Misty Copeland has once again made history as the first black female principal dancer at the American Ballet Theater, the company announced Tuesday.
The historic promotion, 75 years in the making, comes as Copeland's star is rising higher than ever with the release of a memoir and a children's book, a spot on TIME magazine's Most Influential cover and a documentary (A Ballerina's Tale) that screened at this year's Tribeca Film Festival.
Earlier this year, the 32-year-old star also became the first black dancer to play the role of Odette in a top company's production of Swan Lake.
Copeland was very vocal about her desire to become a principal dancer, as detailed in her memoir "Life in Motion: An Unlikely Ballerina." Without the title, she believed she would've failed herself and fans.
"My fears are that it could be another two decades before another black woman is in the position that I hold with an elite ballet company," she wrote. "That if I don’t rise to principal, people will feel I have failed them."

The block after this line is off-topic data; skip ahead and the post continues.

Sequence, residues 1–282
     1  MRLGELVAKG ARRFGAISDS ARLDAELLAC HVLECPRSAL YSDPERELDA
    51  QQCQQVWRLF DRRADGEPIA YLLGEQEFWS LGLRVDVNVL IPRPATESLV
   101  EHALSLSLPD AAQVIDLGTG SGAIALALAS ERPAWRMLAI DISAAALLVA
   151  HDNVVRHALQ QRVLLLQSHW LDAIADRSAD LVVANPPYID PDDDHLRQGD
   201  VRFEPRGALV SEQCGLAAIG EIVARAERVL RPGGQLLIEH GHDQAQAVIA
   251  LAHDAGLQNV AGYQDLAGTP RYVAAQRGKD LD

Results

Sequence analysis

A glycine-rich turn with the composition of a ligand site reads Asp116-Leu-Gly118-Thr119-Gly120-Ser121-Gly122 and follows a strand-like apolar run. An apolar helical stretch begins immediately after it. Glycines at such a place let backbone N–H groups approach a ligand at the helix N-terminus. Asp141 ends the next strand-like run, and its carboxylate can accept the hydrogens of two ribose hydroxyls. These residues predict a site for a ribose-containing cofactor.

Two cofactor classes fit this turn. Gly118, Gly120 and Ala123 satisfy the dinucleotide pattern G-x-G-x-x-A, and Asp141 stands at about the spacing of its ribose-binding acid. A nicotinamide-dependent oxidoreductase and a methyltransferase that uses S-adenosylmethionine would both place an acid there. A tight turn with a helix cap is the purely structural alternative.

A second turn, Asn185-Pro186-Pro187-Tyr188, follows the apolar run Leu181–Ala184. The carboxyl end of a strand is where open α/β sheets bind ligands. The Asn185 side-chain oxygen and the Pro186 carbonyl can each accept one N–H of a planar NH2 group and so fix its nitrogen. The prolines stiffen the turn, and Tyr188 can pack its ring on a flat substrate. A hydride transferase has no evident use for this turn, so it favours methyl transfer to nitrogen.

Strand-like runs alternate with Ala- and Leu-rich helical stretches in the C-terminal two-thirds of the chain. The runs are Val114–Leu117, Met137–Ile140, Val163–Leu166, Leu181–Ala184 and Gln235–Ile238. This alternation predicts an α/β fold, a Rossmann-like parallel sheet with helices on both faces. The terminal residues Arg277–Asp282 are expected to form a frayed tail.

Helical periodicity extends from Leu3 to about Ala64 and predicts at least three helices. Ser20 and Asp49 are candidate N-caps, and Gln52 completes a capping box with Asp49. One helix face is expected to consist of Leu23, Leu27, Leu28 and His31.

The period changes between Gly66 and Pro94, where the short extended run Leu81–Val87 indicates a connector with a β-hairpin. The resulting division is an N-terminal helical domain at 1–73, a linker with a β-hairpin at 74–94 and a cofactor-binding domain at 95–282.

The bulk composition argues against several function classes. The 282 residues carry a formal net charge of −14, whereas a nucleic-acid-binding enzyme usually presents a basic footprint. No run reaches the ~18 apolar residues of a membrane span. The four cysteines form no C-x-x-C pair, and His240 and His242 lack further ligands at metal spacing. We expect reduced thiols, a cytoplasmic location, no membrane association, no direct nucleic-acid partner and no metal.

Copeland's promotion comes after more than 14 years with ABT, where she's spent nearly eight as a soloist. At the time of her signing, she was recognized as the first black female soloist at ABT in twenty years.
She follows behind Desmond Richardson, a black male dancer, who became a principal with the company in 1977.
Three other dancers were promoted to principal along with Copeland on Tuesday-- Stella Abrera, Maria Kochetkova and Alban Lendorf.
(Photo: Hiroyuki Ito/Getty Images)